Child-rearing: It Takes Community

“I wish you go at my house. I love you. I wish you sleep over. I wish you play with my toys with me. I wish you help me put on my new boots what auntie gave me. I wish you help me find both squeaky boots that kk made pink. I wish I tell my mom I can go in your car!”

This funny little message was sent from Hosanna, who is 3, to my cousin who was just about to fly back home after a visit. Hosanna has taken to my cousin recently, in much the same way as she has fallen in love with my mom and sister. I rejoice over, cherish and encourage these relationships even in this small one because I know that these days are the foundation stones of a lifetime of relationship.

It takes a village to raise a child is how the African proverb goes and although I know this has been taken down many paths, I find truth in it in my own life. I don’t think God designed parenthood to be a private endeavor, there are many hands in the lives of my children that help to shape and grow them. Grandparents, friends, mentors, authors, teachers, professionals, there are a community of believers that have an impact on their lives.

There are times when God intends to use others to speak into our children’s lives for their own good. When your kid hits a point where they’re asking questions about the existence of God and if it’s worth it to follow him. When your child hits a wall and turns their ears from you, when there is no way to get in, get through, make way. Then, friendship steps in, community steps in, life on life daily living kicks it up a notch and makes paths where the brush and weeds and thorns were too thick to pass through.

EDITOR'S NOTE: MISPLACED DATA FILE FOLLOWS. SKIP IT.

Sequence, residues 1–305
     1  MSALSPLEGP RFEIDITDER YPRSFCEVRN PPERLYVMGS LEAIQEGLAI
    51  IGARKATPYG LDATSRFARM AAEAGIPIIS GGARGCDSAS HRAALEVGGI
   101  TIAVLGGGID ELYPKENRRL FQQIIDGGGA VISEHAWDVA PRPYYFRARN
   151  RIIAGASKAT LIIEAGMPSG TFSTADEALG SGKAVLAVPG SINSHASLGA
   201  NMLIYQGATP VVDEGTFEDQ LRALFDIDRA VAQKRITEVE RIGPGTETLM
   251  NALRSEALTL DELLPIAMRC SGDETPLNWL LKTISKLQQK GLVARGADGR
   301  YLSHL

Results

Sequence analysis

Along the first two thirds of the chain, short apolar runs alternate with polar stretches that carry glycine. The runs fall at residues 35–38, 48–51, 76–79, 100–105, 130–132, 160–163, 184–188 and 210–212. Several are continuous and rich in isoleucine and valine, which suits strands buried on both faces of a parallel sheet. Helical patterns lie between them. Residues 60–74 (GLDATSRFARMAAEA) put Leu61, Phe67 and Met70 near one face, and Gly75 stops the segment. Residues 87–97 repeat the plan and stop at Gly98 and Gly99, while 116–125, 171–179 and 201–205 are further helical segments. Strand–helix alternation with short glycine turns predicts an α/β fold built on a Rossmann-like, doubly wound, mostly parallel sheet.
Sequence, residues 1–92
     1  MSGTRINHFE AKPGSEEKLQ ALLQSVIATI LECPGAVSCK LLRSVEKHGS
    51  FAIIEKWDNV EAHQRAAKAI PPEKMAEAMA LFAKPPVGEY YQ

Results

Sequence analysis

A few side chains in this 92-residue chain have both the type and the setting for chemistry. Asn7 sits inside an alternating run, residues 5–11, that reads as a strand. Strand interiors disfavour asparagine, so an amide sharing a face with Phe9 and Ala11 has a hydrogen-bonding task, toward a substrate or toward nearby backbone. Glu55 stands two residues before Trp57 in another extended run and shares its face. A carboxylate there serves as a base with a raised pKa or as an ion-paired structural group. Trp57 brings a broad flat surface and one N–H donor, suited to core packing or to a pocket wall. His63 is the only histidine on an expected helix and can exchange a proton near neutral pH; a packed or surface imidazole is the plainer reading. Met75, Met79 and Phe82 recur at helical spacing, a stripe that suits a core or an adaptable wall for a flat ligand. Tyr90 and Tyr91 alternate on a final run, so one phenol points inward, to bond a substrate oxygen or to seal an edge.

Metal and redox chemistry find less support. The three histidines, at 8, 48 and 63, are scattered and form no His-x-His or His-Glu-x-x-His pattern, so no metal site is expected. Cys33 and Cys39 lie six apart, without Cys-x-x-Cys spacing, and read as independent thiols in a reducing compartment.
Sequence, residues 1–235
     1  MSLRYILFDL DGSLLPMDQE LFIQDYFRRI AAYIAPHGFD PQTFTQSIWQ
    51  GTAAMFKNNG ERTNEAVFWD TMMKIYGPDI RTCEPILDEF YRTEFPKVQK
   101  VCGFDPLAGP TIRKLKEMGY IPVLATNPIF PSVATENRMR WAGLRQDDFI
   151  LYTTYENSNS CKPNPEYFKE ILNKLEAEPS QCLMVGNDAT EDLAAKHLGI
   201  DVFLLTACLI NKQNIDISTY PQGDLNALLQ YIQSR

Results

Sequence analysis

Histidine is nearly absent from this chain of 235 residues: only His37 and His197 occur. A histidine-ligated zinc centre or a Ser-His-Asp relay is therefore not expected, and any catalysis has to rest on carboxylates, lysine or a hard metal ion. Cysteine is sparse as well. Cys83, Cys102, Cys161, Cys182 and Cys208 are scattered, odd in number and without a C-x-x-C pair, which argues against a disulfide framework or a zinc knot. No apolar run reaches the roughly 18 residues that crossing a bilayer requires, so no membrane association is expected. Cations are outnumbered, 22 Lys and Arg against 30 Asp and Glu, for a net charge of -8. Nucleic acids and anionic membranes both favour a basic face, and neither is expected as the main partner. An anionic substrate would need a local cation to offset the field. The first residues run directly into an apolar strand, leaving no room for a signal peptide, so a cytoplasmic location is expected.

We hit such a point recently and while my husband and I could pray for, encourage and share wisdom with our son, we knew this was not something we were to handle on our own. Parenting takes time and patience, sometimes you have to wait for the right word in season to come from the right person. You have to be willing to hang on tight and pray hard while letting God do His work. Well that’s how it works for me anyway. There is a young man whom I’ve known since I was in high school, I even babysat him once, whom my son knows well and looks up to.  He was recently married and he took a Saturday morning to spend time with my son and share life and wisdom with him. It was maybe four hours and it has saved my son in this season of life.  He was struggling, floundering, wandering and wondering and a morning with this fine young man may have staved off weeks, months or even years of wandering for him. If we had chosen to keep our lives private and never let our children interact with those that are older than them, never let them go for Chinese food or even to Denny’s at an ungodly hour… the foundation for these life altering conversations would not be set.